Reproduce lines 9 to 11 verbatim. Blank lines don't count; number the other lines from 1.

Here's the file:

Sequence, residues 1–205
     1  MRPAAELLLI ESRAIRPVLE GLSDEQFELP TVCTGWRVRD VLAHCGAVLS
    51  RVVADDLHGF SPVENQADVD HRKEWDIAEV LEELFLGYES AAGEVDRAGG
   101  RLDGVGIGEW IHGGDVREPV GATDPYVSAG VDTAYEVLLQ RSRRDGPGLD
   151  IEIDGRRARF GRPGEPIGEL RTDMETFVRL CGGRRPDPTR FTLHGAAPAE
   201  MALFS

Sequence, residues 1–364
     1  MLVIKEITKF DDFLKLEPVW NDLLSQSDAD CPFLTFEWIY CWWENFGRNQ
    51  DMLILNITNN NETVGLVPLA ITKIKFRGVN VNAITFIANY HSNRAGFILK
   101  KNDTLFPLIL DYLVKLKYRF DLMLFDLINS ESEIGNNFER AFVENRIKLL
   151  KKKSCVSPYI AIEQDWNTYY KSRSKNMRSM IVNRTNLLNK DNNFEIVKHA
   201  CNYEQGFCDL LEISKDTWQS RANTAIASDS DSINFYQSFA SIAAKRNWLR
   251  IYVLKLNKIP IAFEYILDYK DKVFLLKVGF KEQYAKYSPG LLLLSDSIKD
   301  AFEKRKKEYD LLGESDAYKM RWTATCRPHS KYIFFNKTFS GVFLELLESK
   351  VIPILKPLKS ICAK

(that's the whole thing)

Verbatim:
    51  DMLILNITNN NETVGLVPLA ITKIKFRGVN VNAITFIANY HSNRAGFILK
   101  KNDTLFPLIL DYLVKLKYRF DLMLFDLINS ESEIGNNFER AFVENRIKLL
   151  KKKSCVSPYI AIEQDWNTYY KSRSKNMRSM IVNRTNLLNK DNNFEIVKHA